The Laura F. Willes Center for Book of

Mormon Studies and Foundation for Ancient Research and Mormon Studies,

in conjunction with Religious Education and the Harold B. Lee library,

will host a weekly lecture series on Thursday evenings at 7:00 pm,

beginning 14 January and continuing during winter semester 2010 in the

Harold B. Lee Library Auditorium. Presenters include: Richard

Bushman, Robert Millet, Terry Ball, Daniel Peterson, Zina Petersen, Ann

Madsen, Alex Nibley, Bert Wilson, John Welch, Marilyn Arnold, Eric

Huntsman, and Gaballa Ali Gaballa.

Thursday, April 8 lectureEgyptology, Hugh Nibley and the bookHugh Nibley was dying. BYU professors Michael D. Rhodes, John W.

Welch, John Gee and others met at Nibley's home to decide what to do

with his unfinished book, "One Eternal Round."Thursday, April 1 lectureHugh Nibley, a modern SocratesSocrates drove ancient Athenians crazy, but this was a good thing. They needed waking up. Hugh Nibley served a similar role for Mormons, said C. Wilfred Griggs at the Thursday, April 1, installment of the Neal A. Maxwell Institute's weekly lecture series that honors the late professor Hugh W. Nibley.Thursday, March 25 lectureNibley a passionate defender of the Book of MormonA man known for throwing written and verbal poison darts at the wealthy,

the social elite, BYU's dress code and war never took potshots at the

Book of Mormon.Thursday, March 18 lectureClassical scholarship drove Nibley to religionHugh Nibley, who had an


amount of scholarship, especially in the classics, never intended to use


talents for anything but the gospel, according to Eric D. Huntsman.

Wednesday, March 10 lectureHugh Nibley writings that changed the church John W. Welch, the Robert K. Thomas Professor of Law at BYU and the current editor in chief of BYU studies, spoke about Hugh Nibley's influential writings.Thursday, March 4 lectureThe truth about Hugh Nibley mythsWilliam A. Wilson, Emeritus professor of English at BYU, spoke about Hugh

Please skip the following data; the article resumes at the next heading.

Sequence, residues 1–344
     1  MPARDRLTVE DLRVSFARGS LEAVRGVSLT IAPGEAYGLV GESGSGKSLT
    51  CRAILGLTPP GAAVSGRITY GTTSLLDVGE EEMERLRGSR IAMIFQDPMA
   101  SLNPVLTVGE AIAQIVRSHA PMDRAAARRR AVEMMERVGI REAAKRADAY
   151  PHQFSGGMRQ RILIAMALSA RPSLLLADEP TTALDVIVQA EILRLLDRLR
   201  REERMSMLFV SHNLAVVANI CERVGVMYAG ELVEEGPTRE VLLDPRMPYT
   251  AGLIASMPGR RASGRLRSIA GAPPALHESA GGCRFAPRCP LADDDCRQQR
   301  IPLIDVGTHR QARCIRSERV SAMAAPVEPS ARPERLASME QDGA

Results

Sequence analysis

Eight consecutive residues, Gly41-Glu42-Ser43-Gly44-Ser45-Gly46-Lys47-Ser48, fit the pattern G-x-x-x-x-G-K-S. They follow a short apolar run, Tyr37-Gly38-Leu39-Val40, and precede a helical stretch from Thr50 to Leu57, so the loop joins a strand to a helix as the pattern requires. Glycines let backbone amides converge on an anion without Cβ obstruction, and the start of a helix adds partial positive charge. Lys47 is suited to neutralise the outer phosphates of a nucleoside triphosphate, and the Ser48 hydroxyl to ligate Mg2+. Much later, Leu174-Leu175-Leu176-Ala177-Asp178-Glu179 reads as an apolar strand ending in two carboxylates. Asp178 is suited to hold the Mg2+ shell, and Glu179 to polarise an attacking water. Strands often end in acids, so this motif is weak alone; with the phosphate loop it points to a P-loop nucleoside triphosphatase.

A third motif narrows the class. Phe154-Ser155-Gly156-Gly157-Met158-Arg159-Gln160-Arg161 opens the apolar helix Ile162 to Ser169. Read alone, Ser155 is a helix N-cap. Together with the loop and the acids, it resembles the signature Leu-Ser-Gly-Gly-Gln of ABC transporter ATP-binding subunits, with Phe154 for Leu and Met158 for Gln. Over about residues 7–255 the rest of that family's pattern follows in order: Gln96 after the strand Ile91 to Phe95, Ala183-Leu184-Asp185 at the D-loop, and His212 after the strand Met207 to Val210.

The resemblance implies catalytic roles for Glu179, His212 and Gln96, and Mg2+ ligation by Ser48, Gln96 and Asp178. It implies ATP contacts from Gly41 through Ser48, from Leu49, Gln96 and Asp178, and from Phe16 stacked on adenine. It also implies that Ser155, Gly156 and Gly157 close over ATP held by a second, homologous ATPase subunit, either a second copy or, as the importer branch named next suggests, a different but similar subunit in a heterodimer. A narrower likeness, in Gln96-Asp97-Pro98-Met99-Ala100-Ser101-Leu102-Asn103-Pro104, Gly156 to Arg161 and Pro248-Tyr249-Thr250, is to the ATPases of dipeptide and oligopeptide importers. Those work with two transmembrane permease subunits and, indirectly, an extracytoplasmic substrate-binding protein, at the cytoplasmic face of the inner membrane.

Nibley on March 4, celebrating the 100th

anniversary of Nibley's birth.Thursday, Feb. 25 lectureA view into how Hugh Nibley studied the truthHugh Nibley may have done a lot of writing and lecturing, but he also did plenty of looking, too.Thursday, Feb. 18 lectureHugh Nibley a man of paradoxes and disagreements

Hugh Nibley valued disagreement, according to his son Alex Nibley. More than being right, Nibley valued the

process of discussion.

Thursday, Feb. 11, lecture:Hugh Nibley: Mankind should take care of the EarthHugh Nibley was passionate about man's stewardship over the Earth.

He believed God charged man with taking good care of both the land and

the creatures on it, said a scholar at the weekly lecture series

honoring Nibley at BYU. Nibley would have been 100 this year.Thursday, Feb. 4, lecture:Hugh Nibley's defense of truthHugh Nibley approaches a lonely house. He is alone. The house is

deserted. It is night. Others will come later to this house, but for

now it is up to him. He takes his flashlight and enters the structure

— engulfed by the shadows.Thursday, Jan. 28, lecture:Hugh Nibley a scholar from early ageMost people wouldn't be surprised to learn Hugh Nibley was an

extraordinary scholar, even at an early age. But some might be

surprised, and amused, to learn what daughter Zina Nibley Petersen said

he didn't know.Thursday, Jan. 14, lecture:Critics couldn't touch Nibley's faithHugh Nibley, one of the greatest defenders of Joseph

Smith's work, didn't worry about vindicating the Prophet's character,

said Richard L. Bushman at a lecture at BYU on Jan. 14.